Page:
Grief is a normal response to the death of someone close to you. It’s usually felt as a yearning for the other person. At times, the yearning can be so strong that it feels like very real physical pain.
Everyone experiences grief in a different way, but most people move through some or all of the stages listed here. People often move backwards and forwards between these stages:
- denial, anger and guilt
- pining or yearning
- gradual recovery and acceptance.
Immediately after the death, and for some time afterwards, you may feel numb. You may find it hard to believe that the person is dead. It’s common to feel angry that the person has died. The anger may be directed at the person themselves for leaving you, or at other people, such as family members or health professionals, for not being able to stop them from dying.
The feeling of missing the person can be overwhelming. Many people continue to ‘see’ or ‘hear’ the person who has died, and have a strong sense of their presence. For example, some people walk into a room and have an experience of ‘seeing’ the person sitting in their favourite armchair.
Other people have vivid dreams where they see the dead person as fit and well. These are perfectly normal experiences, although they can be shocking and upsetting.
You may have times of severe anxiety and distress, where you strongly miss the dead person and sob or cry aloud for them. Although this tends to happen less often after the first couple of weeks, finding a photograph of them or visiting a place that holds strong memories can trigger the distress, even months or years afterwards.
Talking through your feelings at this time may be helpful.
There are many organisations, such as Cruse Bereavement Care, which run groups for people who are grieving. Your GP can put you in touch with a local bereavement counsellor if you’d like more formal one-to-one counselling. Many hospices also provide bereavement support for the families of people who have used their services.
If you have young children and teenagers, they will also experience a range of emotions. Very young children may not understand that they will not see the person who has died again. You may need to remind them of this several times.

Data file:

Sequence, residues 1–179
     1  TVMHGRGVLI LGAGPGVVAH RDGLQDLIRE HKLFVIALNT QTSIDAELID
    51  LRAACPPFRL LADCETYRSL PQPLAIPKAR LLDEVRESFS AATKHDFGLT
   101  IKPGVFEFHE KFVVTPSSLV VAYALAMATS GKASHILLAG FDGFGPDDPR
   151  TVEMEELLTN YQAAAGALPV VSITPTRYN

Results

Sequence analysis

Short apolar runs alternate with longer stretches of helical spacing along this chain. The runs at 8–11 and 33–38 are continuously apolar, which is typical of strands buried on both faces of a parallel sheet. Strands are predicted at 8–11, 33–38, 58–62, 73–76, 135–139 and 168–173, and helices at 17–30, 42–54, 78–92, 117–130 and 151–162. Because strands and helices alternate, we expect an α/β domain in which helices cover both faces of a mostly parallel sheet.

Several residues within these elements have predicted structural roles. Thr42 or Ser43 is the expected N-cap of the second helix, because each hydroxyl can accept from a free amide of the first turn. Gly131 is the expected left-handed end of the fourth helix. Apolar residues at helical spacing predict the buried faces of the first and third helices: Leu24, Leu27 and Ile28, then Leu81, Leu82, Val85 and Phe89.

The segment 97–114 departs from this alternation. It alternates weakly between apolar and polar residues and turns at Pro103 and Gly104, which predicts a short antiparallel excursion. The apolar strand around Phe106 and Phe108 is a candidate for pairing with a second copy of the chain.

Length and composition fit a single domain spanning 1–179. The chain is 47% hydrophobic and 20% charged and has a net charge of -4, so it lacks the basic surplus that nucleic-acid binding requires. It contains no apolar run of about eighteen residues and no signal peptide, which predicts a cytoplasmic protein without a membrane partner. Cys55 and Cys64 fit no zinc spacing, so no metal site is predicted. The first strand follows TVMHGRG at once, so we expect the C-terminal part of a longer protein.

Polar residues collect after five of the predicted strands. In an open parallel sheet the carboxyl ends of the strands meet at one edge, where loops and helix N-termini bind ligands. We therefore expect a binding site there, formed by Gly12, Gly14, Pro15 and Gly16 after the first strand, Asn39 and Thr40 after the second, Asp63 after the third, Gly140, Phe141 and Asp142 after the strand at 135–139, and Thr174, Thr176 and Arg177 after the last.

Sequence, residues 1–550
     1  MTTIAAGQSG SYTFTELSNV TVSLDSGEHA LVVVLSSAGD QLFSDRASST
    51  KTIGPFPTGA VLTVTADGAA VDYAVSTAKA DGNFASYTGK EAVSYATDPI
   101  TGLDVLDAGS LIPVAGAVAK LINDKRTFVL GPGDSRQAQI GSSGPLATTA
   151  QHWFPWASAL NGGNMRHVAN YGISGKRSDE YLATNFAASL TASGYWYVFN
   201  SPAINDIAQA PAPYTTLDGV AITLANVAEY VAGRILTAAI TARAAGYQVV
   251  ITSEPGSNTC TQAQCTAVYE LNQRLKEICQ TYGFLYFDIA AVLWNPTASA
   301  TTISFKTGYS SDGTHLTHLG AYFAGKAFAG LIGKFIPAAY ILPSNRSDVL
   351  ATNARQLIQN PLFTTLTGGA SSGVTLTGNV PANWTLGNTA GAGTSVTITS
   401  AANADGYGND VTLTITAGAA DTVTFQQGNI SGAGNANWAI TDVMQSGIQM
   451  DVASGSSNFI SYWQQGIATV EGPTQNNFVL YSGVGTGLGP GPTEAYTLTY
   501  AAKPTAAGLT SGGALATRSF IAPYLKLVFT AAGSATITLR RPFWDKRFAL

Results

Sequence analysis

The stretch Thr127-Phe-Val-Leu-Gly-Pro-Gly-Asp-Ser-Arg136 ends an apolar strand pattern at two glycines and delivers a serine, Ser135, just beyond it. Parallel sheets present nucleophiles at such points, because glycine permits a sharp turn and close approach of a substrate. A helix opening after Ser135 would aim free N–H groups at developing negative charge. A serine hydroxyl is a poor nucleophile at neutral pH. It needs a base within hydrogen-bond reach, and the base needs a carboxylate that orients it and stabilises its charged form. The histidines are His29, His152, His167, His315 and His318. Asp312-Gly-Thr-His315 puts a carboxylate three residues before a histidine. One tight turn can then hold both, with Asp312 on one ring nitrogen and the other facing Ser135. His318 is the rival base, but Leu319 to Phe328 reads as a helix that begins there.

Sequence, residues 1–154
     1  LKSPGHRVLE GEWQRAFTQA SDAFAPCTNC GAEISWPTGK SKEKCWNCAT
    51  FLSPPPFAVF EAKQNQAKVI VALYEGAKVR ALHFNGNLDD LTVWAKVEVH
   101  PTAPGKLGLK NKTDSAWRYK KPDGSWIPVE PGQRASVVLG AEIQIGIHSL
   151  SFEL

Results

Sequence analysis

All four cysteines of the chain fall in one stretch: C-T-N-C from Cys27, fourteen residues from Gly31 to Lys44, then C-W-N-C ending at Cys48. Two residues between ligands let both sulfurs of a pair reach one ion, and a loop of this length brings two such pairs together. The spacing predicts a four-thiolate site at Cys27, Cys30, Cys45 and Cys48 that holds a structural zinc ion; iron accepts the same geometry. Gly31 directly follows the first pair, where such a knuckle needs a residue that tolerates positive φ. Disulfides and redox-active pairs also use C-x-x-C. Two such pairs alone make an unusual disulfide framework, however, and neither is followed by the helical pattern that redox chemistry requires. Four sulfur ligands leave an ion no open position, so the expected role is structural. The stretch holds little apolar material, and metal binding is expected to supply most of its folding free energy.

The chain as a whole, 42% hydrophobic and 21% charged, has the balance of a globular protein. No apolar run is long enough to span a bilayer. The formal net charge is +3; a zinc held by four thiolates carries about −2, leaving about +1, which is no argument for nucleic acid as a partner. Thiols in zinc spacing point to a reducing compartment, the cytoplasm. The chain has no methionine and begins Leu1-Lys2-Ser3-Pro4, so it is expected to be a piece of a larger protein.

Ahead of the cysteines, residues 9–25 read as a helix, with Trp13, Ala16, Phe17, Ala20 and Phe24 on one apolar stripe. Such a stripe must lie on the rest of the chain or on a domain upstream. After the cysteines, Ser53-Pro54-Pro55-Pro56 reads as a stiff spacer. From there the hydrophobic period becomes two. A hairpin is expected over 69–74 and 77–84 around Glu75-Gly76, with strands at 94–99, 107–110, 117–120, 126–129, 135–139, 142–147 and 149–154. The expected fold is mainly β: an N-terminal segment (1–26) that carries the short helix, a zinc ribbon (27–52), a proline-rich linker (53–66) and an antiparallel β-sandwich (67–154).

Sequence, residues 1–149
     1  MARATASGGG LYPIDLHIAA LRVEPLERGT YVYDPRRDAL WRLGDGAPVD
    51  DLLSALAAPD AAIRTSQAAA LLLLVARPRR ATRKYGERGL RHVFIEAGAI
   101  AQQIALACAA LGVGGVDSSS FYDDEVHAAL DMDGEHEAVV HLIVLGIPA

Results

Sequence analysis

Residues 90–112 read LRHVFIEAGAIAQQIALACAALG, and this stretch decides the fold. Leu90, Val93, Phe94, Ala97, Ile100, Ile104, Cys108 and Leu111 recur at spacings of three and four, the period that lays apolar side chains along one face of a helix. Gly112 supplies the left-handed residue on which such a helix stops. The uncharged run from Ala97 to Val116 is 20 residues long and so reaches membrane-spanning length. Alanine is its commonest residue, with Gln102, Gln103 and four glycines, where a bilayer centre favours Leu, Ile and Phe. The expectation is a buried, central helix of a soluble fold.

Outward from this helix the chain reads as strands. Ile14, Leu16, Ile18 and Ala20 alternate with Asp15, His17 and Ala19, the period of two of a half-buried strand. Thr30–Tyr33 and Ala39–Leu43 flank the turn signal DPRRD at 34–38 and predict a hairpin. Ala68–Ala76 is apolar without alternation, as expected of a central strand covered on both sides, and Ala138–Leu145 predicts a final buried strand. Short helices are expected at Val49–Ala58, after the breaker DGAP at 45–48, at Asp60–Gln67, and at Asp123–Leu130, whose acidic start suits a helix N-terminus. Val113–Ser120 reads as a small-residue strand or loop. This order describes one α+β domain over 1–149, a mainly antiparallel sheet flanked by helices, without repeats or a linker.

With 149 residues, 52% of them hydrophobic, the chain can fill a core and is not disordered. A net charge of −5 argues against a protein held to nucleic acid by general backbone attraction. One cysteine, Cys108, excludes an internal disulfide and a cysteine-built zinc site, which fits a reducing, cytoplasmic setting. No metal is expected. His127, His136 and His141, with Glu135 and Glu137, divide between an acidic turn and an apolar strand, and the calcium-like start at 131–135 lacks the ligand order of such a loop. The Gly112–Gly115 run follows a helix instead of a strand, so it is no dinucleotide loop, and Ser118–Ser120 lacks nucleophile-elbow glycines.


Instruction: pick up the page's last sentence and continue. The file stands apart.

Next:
This can be hard when you’re coping with your own grief. Teenagers can find coping with the death of a parent particularly difficult at a time when they’re also coping with other changes in their lives. There are many organisations that can help you to support your children.
If you have an older child or teenager, they may find it helpful to visit a website for bereaved young people. Organisations such as Hope Again and Winston’s Wish have support for children and teenagers.
When someone close to you has died, it’s also common to have physical symptoms for some time afterwards. These can be frightening and some people say the symptoms are so strong that they worry they are seriously ill themselves.
However, physical reactions are normal and can include headaches, dizziness, a dry mouth, feeling weak, tightness in the chest and throat, breathlessness and feeling sick.
You may be aware that your symptoms are similar to those of your relative or friend who has just died. If any of these symptoms persist, you should let your GP know.
On the first day or so after the death, while you’re probably feeling numb, you may need plenty of practical help to do important tasks such as registering the death, arranging the funeral and coping with visitors. You may also need to spend some time on your own, coming to terms with what has happened.
After the funeral
The period of time after the funeral, when everyone has gone home and you’re expected to get on with your own life, can be the hardest. It’s a good idea to try not to do too much too soon. You may need time to get used to your loss and the changes this has brought about. It’s important to take time to look after yourself.
Don’t be afraid to show your emotions during the grieving process. It’s perfectly natural to cry when you’re thinking and talking about your loved one, and this can help you feel better. Some cultures have specific practices to follow, which can help to mark each phase of the bereavement process after a person’s death.
The grieving process is different for everyone and very personal. Sometimes, it can be hard to tell if your feelings and emotions are normal. You may find that you get stuck at one stage of the grieving process, for example feeling very angry. If this happens, you may want to talk to your GP who may recommend counselling.
Soon after a person’s death you may feel that you’ll never be able to live your life normally again. These feelings usually reduce over time, although this can take a year or more.
You will never forget the person and will always have memories of them. But people are usually able to get on with life again after a while and are able to enjoy activities and make plans for the future.
A very small number of people develop suicidal thoughts as part of the grieving process, either because they feel unable to face life without the person, or because they feel that their own death might bring them closer again. If you have suicidal thoughts, don’t be afraid to discuss them with your GP or a trusted friend or relative. You may need expert counselling and possibly medicines to help you feel better.